Technology Against Stroke Crucial to Prevention
The convergence of digital technology, neuroimaging and micromanufacturing has catapulted brain vascular technologies to the pinnacle of modern medicine. Technology has become the most vital element underpinning the visualization, navigation and manipulation of the human brain, and is indispensable for: 1) the advancing of stroke prevention, awareness and communication; and 2) the understanding and treatment of stroke syndromes.
“Because stroke attacks the brain, the very core of human existence, creativity and accomplishment, the affliction carries special gravity and distress for humans, who are often robbed by it of their most precious faculties,” said Jeffrey E. Thomas, M.D., F.A.A.N.S., F.A.C.S., founder and chairman of the Stroke Shield Foundation. Yet it is only recently that stroke has been treated as a medical emergency.
When symptoms of a possible stroke occur, 911 should be dialed immediately. Warning signs may include some or all of the following symptoms: Dizziness, nausea, or vomiting; unusually severe headache; confusion, disorientation or memory loss; numbness, weakness in an arm, leg or the face, especially on one side; abnormal or slurred speech; difficulty with comprehension; loss of vision or difficulty seeing; and loss of balance, coordination, or the ability to walk. The only FDA-approved drug therapy for stroke, tissue plasminogen activator (tPA), must be given within 4.5 hours of stroke onset to minimize the potentially catastrophic risk of brain hemorrhage.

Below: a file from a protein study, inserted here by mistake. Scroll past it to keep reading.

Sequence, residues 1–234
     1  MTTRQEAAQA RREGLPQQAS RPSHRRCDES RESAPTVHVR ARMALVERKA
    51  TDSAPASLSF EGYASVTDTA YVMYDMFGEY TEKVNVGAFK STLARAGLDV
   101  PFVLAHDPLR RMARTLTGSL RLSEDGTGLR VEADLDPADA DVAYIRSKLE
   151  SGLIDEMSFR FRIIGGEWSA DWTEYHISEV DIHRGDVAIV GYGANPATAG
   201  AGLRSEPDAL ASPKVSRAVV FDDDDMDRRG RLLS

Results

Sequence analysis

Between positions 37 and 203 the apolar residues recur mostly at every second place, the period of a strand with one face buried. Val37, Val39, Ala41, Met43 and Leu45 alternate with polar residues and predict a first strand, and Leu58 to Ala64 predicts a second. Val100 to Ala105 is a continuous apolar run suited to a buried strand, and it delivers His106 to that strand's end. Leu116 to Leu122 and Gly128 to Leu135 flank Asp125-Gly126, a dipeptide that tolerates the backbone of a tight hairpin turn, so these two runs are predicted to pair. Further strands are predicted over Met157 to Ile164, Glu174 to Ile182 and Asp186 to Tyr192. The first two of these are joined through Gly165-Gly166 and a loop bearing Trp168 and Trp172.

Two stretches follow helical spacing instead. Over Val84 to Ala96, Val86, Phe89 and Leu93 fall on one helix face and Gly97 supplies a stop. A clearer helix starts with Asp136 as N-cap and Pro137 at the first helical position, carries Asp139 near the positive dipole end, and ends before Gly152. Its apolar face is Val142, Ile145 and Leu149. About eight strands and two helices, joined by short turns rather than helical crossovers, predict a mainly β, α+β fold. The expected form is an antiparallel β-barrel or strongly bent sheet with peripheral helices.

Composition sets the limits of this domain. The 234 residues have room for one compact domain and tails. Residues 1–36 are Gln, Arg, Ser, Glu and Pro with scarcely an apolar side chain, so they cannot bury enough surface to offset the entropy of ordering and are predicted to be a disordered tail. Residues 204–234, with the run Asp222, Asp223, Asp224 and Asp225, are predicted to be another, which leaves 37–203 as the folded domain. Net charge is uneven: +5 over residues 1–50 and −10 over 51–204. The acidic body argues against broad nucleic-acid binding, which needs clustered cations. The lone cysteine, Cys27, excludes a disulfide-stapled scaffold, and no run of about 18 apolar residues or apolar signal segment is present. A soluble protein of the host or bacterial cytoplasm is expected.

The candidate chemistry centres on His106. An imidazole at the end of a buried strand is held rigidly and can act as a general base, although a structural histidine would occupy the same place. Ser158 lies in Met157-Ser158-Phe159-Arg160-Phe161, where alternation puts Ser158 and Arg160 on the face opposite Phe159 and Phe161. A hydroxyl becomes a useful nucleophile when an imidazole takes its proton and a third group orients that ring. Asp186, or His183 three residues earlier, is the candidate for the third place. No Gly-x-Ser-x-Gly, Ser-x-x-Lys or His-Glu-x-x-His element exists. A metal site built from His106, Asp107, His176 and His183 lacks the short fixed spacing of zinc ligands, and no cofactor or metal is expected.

Sobering Stroke Statistics
Stroke is the fourth leading cause of death in the U.S., accounting for 1 of every 19 deaths according to 2009 mortality data.
Worldwide, stroke is the second leading cause of death for people ages 60 and older.
Each year, of 795,000 people experiencing a new or recurrent stroke, approximately 610,000 of these are first attacks, and 185,000 are recurrent attacks.
Worldwide, nearly 6 million people die every year from stroke.
Stroke is a leading cause of serious long-term disability, with an estimated 5.4 million stroke survivors currently alive today.
In 2010, stroke cost about $73.7 billion in both direct and indirect costs in the U.S. alone.
Major risk factors for stroke have been identified and well-studied. They include hypertension, diabetes, cigarette smoking, hyperlipidemia (elevated cholesterol levels) and family history. Obesity and heart disease (atrial fibrillation, valve disease) are also risk factors, and previous stroke is a very serious risk factor. About 25 percent of people who recover from their first stroke will have another stroke within five years. “It is important to note that these risk factors are modifiable. Theoretically, this knowledge should lead to a decrease rather than an increase in the incidence of stroke. Yet demographic changes in the population suggest an increase of 27 percent increase in the number of stroke patients per 1000 people in the 20-year period between 2000 and 2020,” said Dr. Thomas.
Technology Against Stroke
There is untapped potential in the development and research of telecommunications and internet-based and handheld digital device-based disease management platforms related to stroke prevention. Among these are Smartphone, videoconferencing and telemedicine. Research targeting scalable, web-based, digital interventions for at risk ischemic stroke populations should aim ultimately to minimize the necessity for emergency intervention.